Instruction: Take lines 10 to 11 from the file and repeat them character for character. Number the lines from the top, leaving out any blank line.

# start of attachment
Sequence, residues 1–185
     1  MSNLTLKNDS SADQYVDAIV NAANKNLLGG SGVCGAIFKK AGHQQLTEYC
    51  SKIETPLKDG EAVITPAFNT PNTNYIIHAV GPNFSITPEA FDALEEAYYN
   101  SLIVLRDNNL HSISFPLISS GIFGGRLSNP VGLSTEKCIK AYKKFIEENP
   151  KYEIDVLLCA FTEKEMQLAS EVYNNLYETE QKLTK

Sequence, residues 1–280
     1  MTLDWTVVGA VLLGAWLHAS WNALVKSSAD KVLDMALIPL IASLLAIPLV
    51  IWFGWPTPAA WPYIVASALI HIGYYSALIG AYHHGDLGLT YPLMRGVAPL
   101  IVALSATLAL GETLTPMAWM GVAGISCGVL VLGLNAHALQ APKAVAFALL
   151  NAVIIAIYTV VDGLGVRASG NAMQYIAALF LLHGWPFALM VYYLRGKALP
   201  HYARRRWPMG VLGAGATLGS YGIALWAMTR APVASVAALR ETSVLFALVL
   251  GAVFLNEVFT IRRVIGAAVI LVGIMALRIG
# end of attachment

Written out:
   151  NAVIIAIYTV VDGLGVRASG NAMQYIAALF LLHGWPFALM VYYLRGKALP
   201  HYARRRWPMG VLGAGATLGS YGIALWAMTR APVASVAALR ETSVLFALVL